Hanley Ramirez’s stubbornness is on track to relegate Miguel Rojas to the bench.

Hanley Ramirez

Hanley Ramirez is on the 15-day disabled list with a strained right oblique muscle. (Getty Images)

Hanley Ramirez turned a few heads Saturday by taking ground balls at third base before the Dodgers’ game against the Milwaukee Brewers.

That was the point, manager Don Mattingly said Sunday.

“I think he likes making everybody raise their eyes and making me answer questions,” Mattingly said.

Question: will Ramirez be a third baseman once he’s activated from the 15-day disabled list?

“No real talk of that,” Mattingly said.

For those who put stock into Ultimate Zone Rating (UZR) as a measure of a player’s defensive ability, that’s a bit stunning. Miguel Rojas, who’s been playing shortstop in Ramirez’s stead, ranks first among major-league shortstops in UZR/150 (which projects a player’s UZR into a number of runs above or below average per 150 games). Ramirez ranks 37th.

Ramirez has some experience at third base from the 2012 season in Miami. The Dodgers’ starting third baseman, Juan Uribe, is on the disabled list with a strained hamstring.

“I think he thinks, moving forward in his career, that he’s a third baseman,” Mattingly said.

So what’s the hold-up?

It’s nothing new. Ramirez has previously told his manager and GM that he doesn’t want to switch from shortstop to third base and back in the middle of a season. Over the last two years, the Dodgers have honored the request religiously.

The club believes Uribe will be back before the end of this season. Ramirez won’t switch positions, so third base belongs to Uribe once he returns. End of discussion.

In effect, Ramirez’s stubbornness will relegate arguably baseball’s best defensive shortstop to a utility role.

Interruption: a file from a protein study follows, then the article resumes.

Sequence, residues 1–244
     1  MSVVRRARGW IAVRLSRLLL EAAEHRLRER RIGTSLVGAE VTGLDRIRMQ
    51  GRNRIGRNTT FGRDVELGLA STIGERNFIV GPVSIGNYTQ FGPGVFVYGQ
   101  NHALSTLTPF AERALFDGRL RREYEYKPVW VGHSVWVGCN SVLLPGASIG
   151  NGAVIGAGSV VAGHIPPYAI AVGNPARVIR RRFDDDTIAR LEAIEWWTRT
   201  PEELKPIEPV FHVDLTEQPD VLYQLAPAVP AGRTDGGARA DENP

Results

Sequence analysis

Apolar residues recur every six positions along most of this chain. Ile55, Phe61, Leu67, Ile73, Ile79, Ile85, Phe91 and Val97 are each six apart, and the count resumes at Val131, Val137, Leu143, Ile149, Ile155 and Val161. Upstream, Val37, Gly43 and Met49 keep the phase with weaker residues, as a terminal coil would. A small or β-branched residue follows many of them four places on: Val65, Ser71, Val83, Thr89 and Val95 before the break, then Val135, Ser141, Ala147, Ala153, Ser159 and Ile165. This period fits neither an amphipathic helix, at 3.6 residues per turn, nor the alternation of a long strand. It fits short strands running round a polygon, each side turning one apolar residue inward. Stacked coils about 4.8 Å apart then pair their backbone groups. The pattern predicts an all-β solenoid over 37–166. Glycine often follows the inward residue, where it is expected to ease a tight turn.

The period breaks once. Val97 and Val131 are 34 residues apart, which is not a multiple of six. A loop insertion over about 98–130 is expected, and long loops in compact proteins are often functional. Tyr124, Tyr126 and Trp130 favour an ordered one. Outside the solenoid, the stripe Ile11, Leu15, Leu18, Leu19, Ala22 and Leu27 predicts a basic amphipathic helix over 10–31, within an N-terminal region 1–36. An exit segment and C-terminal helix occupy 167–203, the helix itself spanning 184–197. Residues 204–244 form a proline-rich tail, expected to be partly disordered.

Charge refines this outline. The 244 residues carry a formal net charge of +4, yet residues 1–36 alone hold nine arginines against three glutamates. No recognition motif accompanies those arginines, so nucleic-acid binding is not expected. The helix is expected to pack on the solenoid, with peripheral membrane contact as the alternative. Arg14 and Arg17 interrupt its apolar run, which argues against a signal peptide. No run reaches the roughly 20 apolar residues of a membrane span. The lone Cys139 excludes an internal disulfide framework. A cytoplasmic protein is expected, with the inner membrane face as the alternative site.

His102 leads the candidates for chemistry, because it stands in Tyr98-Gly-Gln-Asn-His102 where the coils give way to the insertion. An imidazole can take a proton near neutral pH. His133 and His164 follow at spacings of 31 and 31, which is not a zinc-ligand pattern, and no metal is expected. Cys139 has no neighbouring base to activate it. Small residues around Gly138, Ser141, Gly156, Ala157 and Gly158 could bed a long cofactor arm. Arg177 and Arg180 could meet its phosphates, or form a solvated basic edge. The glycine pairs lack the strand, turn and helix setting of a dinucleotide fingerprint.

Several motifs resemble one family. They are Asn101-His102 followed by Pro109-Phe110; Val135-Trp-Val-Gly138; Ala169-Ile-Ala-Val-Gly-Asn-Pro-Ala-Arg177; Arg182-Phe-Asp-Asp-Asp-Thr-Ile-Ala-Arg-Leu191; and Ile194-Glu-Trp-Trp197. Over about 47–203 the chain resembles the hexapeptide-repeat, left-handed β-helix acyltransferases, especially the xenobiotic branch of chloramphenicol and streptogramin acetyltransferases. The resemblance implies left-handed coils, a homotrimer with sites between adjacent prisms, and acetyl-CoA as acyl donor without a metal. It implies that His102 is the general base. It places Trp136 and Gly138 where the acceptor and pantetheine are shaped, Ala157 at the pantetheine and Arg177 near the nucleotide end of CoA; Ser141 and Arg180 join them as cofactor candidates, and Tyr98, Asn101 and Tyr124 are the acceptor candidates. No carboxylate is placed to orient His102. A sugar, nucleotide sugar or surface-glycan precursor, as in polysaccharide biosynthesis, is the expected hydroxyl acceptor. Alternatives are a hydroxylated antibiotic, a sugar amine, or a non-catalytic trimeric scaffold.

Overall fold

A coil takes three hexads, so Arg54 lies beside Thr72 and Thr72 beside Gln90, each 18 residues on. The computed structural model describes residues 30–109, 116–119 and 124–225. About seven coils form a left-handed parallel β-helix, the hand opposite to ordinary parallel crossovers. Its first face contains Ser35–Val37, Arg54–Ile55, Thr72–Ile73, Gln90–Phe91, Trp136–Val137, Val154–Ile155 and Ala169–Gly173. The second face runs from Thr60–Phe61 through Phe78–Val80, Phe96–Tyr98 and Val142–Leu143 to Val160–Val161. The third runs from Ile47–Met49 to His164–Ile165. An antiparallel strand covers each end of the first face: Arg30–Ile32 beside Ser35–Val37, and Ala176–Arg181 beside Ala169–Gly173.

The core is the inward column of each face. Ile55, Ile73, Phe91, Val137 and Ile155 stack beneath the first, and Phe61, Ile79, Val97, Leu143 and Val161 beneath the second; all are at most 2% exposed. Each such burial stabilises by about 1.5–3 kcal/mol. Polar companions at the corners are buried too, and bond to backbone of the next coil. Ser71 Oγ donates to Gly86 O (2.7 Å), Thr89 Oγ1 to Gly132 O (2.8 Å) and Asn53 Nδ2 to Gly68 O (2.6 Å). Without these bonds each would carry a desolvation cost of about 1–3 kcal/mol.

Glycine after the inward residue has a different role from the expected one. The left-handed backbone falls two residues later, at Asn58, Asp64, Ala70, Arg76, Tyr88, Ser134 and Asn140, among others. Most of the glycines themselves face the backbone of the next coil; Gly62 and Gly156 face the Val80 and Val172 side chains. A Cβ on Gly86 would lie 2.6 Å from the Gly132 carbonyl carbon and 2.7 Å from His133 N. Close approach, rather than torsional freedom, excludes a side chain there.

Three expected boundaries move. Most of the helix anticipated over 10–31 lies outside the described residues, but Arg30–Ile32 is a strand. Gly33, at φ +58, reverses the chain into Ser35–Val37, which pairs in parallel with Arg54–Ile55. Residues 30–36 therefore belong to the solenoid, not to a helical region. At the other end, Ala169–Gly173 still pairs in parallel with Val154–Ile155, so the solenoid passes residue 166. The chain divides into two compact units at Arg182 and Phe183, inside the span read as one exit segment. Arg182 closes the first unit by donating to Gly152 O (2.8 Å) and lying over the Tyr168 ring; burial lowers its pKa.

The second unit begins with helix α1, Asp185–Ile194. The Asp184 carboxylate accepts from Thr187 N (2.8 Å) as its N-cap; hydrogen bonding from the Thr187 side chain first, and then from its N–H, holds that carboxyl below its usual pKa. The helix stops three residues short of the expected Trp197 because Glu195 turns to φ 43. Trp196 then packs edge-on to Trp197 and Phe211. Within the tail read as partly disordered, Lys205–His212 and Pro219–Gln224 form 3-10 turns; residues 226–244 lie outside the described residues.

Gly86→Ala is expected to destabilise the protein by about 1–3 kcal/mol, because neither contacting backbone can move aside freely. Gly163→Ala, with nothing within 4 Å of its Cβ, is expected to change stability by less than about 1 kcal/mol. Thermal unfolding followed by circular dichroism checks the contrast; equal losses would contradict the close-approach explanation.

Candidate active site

Maybe that’s worth the tradeoff. The Dodgers are 4-4, and have averaged 3.63 runs per game since Ramirez went on the disabled list. They were averaging 4.12 runs per game at the time.

Ramirez is still on track to be activated once he’s eligible on August 24. Mattingly said that Ramirez has already resumed swinging a bat at 90 percent intensity and throwing. He originally strained his right oblique muscle swinging a bat on August 8 in Milwaukee.

“He’ll continue to hit,” Mattingly said. “Going forward you’ll see him on the field pretty much like a normal guy. We thought it was going to be an 8- to 10-day thing — that’s what it’s looking like. Unless we have a setback in some way, Hanley will be ready to go.”

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About J.P. Hoornstra

J.P. Hoornstra covers the Dodgers, Angels and Major League Baseball for the Orange County Register, Los Angeles Daily News, Long Beach Press-Telegram, Torrance Daily Breeze, San Gabriel Valley Tribune, Pasadena Star-News, San Bernardino Sun, Inland Valley Daily Bulletin, Whittier Daily News and Redlands Daily Facts. Before taking the beat in 2012, J.P. covered the NHL for four years. UCLA gave him a degree once upon a time; when he graduated on schedule, he missed getting Arnold Schwarzenegger's autograph on his diploma by five months.